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Expanding the toolbox of HIV self‐testing at home: the importance of user choice and feedback

Deborah A Williamson and Sharon R Lewin
Med J Aust 2022; 217 (3): . || doi: 10.5694/mja2.51649
Published online: 1 August 2022

To maximise its health benefits, self‐testing for infectious diseases must be reliable, accessible, and affordable

Human immunodeficiency virus (HIV) testing is a key prevention strategy; a positive test result can lead to life‐saving antiretroviral therapy, while a negative result opens access to effective prevention measures, such as pre‐exposure prophylaxis. Home‐based testing of blood or oral secretions for HIV antibody has been available in some countries for many years. In Australia, however, only self‐testing of blood is available (since November 2018),1 and its uptake by people regularly tested for HIV has been surprisingly low (about 1%).2 With the recent widespread use of antigen tests for severe acute respiratory syndrome coronavirus 2 (SARS‐CoV‐2),3 home‐based testing is now quite familiar in Australia, providing an opportunity to improve the acceptability of its use for detecting other infections, including HIV.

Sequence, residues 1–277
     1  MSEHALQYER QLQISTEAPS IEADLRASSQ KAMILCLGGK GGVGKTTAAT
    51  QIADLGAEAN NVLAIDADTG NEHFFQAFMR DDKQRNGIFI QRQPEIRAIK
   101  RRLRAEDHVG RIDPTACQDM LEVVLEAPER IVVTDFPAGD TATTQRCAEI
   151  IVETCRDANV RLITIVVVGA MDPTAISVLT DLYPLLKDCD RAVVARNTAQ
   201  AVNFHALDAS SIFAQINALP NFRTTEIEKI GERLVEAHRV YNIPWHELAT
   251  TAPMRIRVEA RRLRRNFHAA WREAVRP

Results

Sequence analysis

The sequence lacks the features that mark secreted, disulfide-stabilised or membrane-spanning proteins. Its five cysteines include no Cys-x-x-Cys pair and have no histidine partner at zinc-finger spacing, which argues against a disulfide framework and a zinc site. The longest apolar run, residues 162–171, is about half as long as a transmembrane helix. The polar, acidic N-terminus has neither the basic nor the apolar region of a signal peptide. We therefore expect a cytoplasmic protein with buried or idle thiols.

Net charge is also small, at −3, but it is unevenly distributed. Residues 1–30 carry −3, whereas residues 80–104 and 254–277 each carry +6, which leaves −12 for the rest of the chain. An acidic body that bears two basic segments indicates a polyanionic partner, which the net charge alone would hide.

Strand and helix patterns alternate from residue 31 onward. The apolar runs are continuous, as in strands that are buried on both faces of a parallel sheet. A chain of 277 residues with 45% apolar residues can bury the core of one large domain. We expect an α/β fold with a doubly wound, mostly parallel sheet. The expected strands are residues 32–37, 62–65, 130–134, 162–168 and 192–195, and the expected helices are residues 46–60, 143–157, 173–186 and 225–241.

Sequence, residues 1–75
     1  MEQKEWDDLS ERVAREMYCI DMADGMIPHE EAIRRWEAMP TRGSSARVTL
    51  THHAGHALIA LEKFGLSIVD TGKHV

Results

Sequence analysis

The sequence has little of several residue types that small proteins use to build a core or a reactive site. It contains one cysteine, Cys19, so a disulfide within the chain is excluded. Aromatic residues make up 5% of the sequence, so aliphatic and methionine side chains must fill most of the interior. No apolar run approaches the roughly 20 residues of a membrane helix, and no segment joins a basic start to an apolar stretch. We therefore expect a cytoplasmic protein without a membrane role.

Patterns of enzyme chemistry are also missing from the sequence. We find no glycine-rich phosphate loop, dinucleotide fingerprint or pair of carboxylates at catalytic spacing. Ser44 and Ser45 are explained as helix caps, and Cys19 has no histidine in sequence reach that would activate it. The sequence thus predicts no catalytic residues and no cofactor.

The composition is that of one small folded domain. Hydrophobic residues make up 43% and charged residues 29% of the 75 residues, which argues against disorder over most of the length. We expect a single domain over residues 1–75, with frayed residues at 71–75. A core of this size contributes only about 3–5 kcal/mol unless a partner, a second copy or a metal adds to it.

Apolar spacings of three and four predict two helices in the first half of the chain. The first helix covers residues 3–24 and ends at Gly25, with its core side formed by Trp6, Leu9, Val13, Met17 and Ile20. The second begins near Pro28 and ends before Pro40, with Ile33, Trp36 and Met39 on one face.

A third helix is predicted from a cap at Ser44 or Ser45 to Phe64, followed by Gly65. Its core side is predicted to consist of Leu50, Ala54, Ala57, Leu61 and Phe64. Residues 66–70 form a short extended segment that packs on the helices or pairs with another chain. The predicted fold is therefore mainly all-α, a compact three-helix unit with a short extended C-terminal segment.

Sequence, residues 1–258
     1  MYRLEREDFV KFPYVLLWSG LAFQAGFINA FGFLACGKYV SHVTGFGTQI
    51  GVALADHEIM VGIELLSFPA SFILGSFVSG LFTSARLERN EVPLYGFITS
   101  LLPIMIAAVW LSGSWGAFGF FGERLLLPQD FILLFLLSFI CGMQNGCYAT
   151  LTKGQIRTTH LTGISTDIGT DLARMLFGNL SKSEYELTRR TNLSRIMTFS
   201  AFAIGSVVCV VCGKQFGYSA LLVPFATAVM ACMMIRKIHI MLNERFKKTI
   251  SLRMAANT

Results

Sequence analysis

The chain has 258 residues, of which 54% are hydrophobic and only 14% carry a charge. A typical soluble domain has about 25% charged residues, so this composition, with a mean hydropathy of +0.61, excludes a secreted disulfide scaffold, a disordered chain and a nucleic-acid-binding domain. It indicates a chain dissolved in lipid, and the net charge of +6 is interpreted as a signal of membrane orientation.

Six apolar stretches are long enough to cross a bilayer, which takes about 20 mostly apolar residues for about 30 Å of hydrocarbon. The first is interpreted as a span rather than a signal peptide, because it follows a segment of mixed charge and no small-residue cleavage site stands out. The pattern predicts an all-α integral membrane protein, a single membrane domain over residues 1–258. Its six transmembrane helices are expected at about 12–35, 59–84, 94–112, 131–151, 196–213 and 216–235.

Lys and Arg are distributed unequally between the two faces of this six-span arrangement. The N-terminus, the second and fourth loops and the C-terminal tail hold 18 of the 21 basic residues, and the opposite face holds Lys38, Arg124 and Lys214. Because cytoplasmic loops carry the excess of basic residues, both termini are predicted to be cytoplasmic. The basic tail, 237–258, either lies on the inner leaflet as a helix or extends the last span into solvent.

• Deborah A Williamson1,2
  • Sharon R Lewin2,3

  • 1 Victorian Infectious Diseases Reference Laboratory, Royal Melbourne Hospital, Melbourne, VIC
  • 2 The University of Melbourne, Melbourne, VIC
  • 3 The Peter Doherty Institute for Infection and Immunity, Melbourne, VIC


Correspondence: sharon.lewin@unimelb.edu.au

Competing interests:

No relevant disclosures.

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